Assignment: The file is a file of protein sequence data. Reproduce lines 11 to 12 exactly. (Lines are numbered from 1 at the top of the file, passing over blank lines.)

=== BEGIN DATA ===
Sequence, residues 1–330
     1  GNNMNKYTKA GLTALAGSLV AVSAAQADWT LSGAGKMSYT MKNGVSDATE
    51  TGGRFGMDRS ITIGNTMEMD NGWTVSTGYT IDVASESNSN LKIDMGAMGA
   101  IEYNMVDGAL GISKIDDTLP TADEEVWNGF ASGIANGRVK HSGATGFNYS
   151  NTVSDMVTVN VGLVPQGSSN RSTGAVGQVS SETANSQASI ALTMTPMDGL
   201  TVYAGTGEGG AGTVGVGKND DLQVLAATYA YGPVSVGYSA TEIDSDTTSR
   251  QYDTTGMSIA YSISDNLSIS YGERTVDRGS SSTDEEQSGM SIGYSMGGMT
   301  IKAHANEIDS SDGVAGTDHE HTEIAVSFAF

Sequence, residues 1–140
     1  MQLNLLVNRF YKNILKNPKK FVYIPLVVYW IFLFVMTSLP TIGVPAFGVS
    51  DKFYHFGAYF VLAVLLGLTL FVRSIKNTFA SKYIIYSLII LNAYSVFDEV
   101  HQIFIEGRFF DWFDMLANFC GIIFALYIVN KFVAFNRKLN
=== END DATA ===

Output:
    51  DKFYHFGAYF VLAVLLGLTL FVRSIKNTFA SKYIIYSLII LNAYSVFDEV
   101  HQIFIEGRFF DWFDMLANFC GIIFALYIVN KFVAFNRKLN